I, on the other hand, went as far away as you can get—in the continental United States, anyway. After completing my studies at Georgia’s Grady School of Journalism in 1975 and spending five years at the Atlanta Journal and Constitution Magazine, I moved to Los Angeles. The last time I was at Sanford Stadium was autumn of 1984, when I wanted to show Athens to the California girl I would marry. She wore what was high fashion in the L.A. punk scene during the Reagan era—a wife beater and leather pants cinched by an M16 cartridge belt—while I settled for pink Bakelite sunglasses and a ton of attitude.
That attitude—a mixture of defiance and irreverence—was a holdover from my undergraduate years. As editor of the Georgia Impression, the student magazine, I was determined to be subversive. In 1974 I devoted an issue to sex on campus (among the headlines: “Getting Laid at Georgia”). A few months later, over the legend “The New South,” I published a cartoon cover of an interracial couple (the man was out of Super Fly, the woman Blanche DuBois on a bad day) set against the blood-red backdrop of the Confederate battle flag.
What was I rebelling against? The conformity and racism that were so prevalent at the university during my era, for starters. From there it was just a step to the dismay I felt at attending Georgia at all. (For an Atlanta boy, UGA was where you went if you weren’t accepted at Emory.) Once I settled into life in Athens, I concluded that unless you were at the law school (getting a head-start on running for governor) or the art school (the incubator for R.E.M.), the curriculum was so irrelevant you might as well stay drunk. It was what Georgia students did best, so much so that Playboy—at least according to urban legend—declared UGA ineligible for its annual survey of the nation’s top party schools. The reason: The Dawgs were pros. A week after my last class, I was on a flight to New York for an internship with Advertising Age. I had to put some distance between myself and UGA, and at least for the first few years after I finally landed in Los Angeles, I kept trying to increase that distance.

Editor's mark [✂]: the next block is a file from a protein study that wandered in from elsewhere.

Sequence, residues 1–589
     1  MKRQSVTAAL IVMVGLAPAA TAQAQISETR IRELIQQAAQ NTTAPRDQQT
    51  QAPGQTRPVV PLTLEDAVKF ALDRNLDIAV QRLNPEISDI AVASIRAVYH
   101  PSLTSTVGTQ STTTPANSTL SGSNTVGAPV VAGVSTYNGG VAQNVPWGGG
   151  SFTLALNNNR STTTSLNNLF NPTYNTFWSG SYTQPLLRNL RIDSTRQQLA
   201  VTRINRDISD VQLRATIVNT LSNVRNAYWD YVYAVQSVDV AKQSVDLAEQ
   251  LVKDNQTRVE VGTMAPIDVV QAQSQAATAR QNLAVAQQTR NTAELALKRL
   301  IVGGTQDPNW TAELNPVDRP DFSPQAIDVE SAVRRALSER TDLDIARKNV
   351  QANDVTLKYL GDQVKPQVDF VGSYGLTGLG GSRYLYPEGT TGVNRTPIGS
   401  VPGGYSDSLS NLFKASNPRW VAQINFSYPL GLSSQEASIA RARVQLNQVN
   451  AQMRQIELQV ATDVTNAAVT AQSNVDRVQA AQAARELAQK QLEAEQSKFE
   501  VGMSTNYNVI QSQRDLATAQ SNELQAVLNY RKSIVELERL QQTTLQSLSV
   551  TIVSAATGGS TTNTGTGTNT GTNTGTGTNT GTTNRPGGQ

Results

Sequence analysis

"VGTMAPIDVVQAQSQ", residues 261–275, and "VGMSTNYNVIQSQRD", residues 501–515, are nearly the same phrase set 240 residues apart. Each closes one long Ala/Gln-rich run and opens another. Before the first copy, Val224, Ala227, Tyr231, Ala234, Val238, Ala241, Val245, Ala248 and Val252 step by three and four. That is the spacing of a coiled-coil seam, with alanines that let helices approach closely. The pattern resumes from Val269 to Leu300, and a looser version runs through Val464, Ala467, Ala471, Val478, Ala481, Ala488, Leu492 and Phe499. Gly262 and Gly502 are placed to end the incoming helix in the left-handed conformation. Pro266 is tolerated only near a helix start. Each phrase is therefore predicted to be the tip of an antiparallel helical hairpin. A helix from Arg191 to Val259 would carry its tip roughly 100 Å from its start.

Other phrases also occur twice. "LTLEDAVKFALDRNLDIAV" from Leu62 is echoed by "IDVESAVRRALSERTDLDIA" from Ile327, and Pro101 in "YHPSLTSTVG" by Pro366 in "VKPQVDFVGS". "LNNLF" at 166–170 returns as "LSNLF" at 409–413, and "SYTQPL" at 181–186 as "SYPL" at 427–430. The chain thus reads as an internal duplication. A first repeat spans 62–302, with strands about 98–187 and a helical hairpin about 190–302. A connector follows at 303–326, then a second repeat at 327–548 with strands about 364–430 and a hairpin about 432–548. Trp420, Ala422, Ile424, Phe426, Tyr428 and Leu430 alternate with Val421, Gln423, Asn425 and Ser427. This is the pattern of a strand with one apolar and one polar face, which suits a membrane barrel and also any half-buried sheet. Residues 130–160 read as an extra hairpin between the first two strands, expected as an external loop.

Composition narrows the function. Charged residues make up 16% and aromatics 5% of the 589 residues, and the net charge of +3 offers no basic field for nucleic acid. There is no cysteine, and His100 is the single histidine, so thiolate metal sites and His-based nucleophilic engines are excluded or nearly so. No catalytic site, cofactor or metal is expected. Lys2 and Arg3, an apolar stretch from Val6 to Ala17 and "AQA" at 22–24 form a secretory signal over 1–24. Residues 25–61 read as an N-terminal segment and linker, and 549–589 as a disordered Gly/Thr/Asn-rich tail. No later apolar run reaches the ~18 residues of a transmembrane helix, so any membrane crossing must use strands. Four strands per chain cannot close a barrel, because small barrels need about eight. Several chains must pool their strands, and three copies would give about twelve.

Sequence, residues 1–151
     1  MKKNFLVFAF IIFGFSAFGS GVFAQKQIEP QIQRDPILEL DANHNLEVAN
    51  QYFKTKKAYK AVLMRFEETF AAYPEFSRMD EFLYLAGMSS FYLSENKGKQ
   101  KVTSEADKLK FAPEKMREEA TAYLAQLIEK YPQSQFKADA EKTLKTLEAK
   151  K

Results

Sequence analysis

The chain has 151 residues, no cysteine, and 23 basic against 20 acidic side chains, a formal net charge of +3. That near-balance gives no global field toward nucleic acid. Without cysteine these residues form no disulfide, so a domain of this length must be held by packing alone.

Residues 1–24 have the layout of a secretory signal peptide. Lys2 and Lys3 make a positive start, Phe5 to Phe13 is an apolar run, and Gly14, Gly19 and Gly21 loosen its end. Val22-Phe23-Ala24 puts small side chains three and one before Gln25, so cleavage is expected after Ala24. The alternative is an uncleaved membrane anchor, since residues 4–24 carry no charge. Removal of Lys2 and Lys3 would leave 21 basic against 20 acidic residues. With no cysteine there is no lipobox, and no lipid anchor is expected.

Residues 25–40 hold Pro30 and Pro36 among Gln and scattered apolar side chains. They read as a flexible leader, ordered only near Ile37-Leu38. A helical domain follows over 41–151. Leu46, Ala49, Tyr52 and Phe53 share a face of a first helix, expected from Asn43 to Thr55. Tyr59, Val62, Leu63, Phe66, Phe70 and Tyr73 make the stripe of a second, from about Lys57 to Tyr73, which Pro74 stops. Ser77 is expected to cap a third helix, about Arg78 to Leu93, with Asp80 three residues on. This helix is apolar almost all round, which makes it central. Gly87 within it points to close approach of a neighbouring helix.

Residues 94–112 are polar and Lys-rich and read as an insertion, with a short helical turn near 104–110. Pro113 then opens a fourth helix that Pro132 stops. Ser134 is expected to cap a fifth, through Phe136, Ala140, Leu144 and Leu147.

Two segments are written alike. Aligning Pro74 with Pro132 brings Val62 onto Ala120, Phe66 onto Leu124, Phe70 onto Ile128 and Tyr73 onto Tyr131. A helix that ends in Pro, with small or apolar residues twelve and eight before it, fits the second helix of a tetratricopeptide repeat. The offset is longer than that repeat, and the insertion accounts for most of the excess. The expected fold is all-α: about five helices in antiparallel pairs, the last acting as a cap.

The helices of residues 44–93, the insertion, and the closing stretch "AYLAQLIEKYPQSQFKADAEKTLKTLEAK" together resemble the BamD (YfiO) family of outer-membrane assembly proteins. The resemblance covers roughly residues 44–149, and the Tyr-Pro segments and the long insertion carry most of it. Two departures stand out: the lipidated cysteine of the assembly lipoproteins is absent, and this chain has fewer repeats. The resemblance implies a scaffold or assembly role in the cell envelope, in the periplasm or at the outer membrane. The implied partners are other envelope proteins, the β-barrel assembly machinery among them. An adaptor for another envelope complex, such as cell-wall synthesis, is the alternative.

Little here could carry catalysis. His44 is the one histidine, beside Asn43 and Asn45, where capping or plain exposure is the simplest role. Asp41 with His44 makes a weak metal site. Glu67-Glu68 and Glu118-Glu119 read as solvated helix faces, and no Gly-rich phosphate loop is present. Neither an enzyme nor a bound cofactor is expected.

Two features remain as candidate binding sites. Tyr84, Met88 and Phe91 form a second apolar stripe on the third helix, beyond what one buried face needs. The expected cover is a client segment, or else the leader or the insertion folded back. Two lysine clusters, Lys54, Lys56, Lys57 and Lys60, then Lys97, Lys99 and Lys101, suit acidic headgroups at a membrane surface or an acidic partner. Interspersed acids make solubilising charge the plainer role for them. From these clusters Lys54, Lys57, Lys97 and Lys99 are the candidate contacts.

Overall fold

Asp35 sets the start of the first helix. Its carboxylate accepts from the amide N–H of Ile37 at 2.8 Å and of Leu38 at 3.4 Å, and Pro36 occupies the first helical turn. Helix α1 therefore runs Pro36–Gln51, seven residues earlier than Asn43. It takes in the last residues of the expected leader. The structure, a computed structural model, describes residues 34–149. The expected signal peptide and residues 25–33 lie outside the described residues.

Yet as I stand with Loran in the quiet enormity of Sanford Stadium on the eve of the 2016 homecoming confrontation, I am suffused with a surprising feeling: I belong here. I, too, have memories of athletic heroics: I saw Herschel Walker rush for a career record 283 yards on this field in 1980. I also have vivid personal recollections. Pinning a corsage (a mum boasting a “G” crafted from red-and-black pipe cleaners) on the lapel of my date’s velvet blazer prior to homecoming 1972, my freshman year. The whiff of Poss’ barbecue and the hot scent of bourbon sipped from Coca-Cola cups adorned by Jack Davis sketches of Hairy Dawg. Kisses after Bulldog touchdowns and walking with my date arm-in-arm up Baxter Street to Brumby Hall, the then-gleaming new women’s dorm.